Confused about which pots and pans to buy? We’ll help you make a purchase you won’t regret:
- Why you should never buy bundles
- Which pan types are the most useful
- Which materials you should get
Never Buy Cookware Bundles
When buying cookware, everyone dives towards the 7-in-1 bundle. Get everything you need in one box. Why not?
No matter how tempting it looks, realize that you’re getting an awful deal:
- Bundles usually include lower quality cookware that you’ll need to replace soon.
- Those unused pots and pans will eat up precious kitchen space.
- You won’t use most of it because the shapes and sizes won’t fit your cooking style.
- You’ll end up spending more long-term.
Always buy your pots and pans one-by-one. Choose them depending on what and how you like to cook.
Which Pots and Pans Should You Get?
Your choices depend on how you cook and what you cook. Let’s dive through your options:
Skillets (aka “pans”)
When you say “pan,” you almost always mean a skillet. Flat, wide, with sloped slides, you can do 90% of all your cooking in skillets.
- Can shallow-fry and sear.
- Sloped sides mean you can slide food out.
- Can stir-fry, but can be a bit messy compared to a wok.
- Short handled versions can fit in the oven.
- Easy to clean because of their compact size.
The two most popular sizes are the 10-in (~25cm) and the 12-in (~30cm). The 10-inch fits two eggs nicely, while the 12-inch can do three. For small kitchens, the 10-inch offers the advantage of being small enough to fit in your sink. The 12-inch will, but you might have trouble maneuvering.
🤔 Should you get a skillet? Yes. It’s a workhorse.
Unlike sloping-sided skillets, straight-sided skillets offer vertical sides that surround the pan.
- Can shallow-fry
- Can braise and do more with liquids
- Hard to toss off of the straight sides when stir-frying.
- Can’t slide food out of the pan.
🤔 Should you get a straight-sided skillet? Probably not. They’re not bad. But everything it does, a wok can do better.
We often get confused by the term “sauce pan” because we just call these “pots.”
But unlike pots, sauce pans sport single long handles. They’re basically deep skillets with straight sides. In restaurants, chefs use them to make batches of sauces which explains the name.
- Great for small batches of liquids like sauces or soups.
- Great for melting butter due to the small surface area.
- Much easier to maneuver than a stockpot because of the long handle.
- Long handle means bigger sizes won’t fit in the oven.
- Can’t do large batches of soups or braises
Small kitchens benefit from sauce pans due to their flexibility—they’re a cross between a skillet and a stockpot. We suggest you get the middle size. The small ones look cute, but they may limit what you can do with them.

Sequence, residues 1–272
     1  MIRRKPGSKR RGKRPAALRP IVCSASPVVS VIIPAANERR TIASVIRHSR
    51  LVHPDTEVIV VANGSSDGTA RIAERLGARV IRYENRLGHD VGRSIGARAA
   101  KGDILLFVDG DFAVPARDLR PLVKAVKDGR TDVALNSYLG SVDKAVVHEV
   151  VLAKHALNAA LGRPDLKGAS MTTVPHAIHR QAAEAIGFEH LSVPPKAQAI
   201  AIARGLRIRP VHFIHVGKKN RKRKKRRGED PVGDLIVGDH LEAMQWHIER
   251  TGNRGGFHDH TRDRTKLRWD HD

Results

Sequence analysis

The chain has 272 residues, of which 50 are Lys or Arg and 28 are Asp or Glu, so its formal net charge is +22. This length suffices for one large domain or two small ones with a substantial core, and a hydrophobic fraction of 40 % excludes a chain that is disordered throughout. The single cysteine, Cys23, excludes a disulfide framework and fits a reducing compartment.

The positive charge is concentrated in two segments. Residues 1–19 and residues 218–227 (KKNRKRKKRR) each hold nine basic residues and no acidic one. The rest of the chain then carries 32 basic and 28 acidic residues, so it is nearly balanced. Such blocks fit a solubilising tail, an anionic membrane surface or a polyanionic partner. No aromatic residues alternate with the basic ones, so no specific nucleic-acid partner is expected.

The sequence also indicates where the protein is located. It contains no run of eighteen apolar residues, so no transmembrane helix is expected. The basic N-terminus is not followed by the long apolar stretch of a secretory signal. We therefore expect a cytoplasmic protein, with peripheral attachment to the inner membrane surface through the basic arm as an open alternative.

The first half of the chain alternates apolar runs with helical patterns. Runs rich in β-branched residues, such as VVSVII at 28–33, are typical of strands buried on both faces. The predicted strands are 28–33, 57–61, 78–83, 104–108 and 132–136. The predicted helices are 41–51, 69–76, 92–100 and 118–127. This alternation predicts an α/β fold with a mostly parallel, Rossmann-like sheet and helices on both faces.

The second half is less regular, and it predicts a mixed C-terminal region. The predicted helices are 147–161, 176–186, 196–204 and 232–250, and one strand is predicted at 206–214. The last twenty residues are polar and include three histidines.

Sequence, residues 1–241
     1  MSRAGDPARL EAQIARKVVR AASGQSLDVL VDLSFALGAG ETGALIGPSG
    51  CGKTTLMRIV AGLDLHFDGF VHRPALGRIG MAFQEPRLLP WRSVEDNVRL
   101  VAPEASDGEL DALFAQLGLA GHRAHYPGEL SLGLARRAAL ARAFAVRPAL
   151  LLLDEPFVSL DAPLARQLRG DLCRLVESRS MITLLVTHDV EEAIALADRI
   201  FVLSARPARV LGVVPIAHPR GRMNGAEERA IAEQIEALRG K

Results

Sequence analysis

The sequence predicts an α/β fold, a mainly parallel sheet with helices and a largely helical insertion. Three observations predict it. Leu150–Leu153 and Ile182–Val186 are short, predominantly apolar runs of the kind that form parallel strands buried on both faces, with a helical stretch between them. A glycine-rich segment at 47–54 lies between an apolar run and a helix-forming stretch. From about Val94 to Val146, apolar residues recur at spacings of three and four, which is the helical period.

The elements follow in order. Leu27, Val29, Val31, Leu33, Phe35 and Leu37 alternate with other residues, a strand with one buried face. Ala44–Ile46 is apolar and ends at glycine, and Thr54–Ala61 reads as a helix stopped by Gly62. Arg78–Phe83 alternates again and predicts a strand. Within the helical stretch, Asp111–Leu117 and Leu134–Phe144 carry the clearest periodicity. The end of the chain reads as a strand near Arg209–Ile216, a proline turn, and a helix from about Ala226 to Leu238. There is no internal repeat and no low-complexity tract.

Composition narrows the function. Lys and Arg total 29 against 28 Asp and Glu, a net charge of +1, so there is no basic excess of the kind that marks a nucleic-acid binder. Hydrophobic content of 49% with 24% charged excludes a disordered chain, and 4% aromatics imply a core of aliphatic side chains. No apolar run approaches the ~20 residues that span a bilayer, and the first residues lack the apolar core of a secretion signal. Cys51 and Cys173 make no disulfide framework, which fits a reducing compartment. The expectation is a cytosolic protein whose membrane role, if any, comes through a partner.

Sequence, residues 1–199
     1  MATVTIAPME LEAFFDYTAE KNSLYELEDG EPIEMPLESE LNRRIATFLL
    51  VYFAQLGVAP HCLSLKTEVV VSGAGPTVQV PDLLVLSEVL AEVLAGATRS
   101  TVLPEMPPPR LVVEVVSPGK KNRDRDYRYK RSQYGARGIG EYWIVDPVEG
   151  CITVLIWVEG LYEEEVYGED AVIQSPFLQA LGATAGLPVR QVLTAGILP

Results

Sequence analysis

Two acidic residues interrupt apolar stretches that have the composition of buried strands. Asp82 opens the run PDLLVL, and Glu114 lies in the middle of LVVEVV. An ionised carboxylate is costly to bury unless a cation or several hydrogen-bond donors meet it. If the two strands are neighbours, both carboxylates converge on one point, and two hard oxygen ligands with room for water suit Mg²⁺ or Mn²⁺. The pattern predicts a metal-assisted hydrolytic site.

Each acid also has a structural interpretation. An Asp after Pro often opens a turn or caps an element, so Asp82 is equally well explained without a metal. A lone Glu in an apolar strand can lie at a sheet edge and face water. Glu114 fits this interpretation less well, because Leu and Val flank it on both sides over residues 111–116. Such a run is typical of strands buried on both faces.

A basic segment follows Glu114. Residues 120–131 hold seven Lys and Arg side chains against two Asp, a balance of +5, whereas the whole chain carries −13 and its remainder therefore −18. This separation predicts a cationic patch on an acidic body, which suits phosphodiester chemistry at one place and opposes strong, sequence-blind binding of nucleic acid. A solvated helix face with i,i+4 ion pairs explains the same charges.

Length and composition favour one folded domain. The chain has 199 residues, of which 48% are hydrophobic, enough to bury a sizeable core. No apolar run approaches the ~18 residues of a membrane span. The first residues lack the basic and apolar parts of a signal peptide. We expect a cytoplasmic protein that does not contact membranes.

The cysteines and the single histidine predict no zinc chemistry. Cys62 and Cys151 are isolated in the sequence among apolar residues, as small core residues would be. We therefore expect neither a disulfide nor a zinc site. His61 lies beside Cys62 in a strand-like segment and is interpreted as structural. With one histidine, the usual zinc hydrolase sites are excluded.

🤔 Should you get a sauce pan? Yes, especially in a small kitchen.
Even deeper than sauce pans, stock pots use two short handles on both sides. Meant to cook larger batches of liquids, stock pots are designed to carry heavier weights so having two handles help.
- Great for large batches of soup or braises like adobo.
- Most sizes can fit in the oven.
- Can deep-fry but not ideal due to the narrow opening.
- Requires two hands to lift due to two short handles, unlike sauce pans.
- Short handles get hot.
- Hard to shallow-fry, stir-fry, or sear due to depth.
🤔 Should you get a stock pot? Only if you like to make huge batches of soups or stews.
Dutch ovens (they’re not ovens lol) look like stock pots. But you’ll notice an obvious difference: they’re made with cast iron and they usually look colorful and bright. (We’ll go over cast iron in a bit.)
- Looks amazing. Great for serving in parties.
- Shorter than stock pots, great for searing or pan-frying.
- Weight helps them stay in place as you cook.
- Keeps heat longer—excellent for catering and gatherings.
- Longer heat retention also makes them great for deep-frying.
- Sears meat well. Prevents oil splatters because of the high sides.
- Bakes bread well.
- Very expensive, usually 2-4x the price vs stockpots of the same size.
- Very heavy. Unwieldy to clean for weak arms.
- The outer coating can wear down over years of use.
🤔 Should you get a Dutch oven? Yes, if you have the budget, deep-fry frequently, and entertain guests. Most households don’t need both a Dutch oven and stockpot, so just choose one.
Despite their reputation of being useful only for Asian food, woks offer the most versatility no matter what you cook. You might also think that they only work well when you can toss food like a pro, but that’s not true. Even beginners benefit from woks.
- Uses much less water and oil because of the wide, concave shape.
- The best pan for deep-frying.
- Also the best for steaming or blanching.
- Also the best for stir-frying. Prevents food from flying out.
- Heats up and cools down fast.
- Flat-bottom woks work on both gas and induction.
- Light and easy to maneuver.
- Extremely affordable for what it can do.
- Needs a bit of maintenance if made from carbon steel and cast iron.
- Takes up more kitchen space.
- Can’t cook flat food like Spam, tortang talong, or pancakes.
🤔 Should you get a wok? Yes, if you deep-fry, stir-fry, and steam.
Which Materials Should You Buy?
Get a stainless pan in your kitchen if you want something that just works:
- Doesn’t stain or rust.
- Easy to clean.
- Can handle all materials: steel, wood, silicone, etc.
- Doesn’t need maintenance.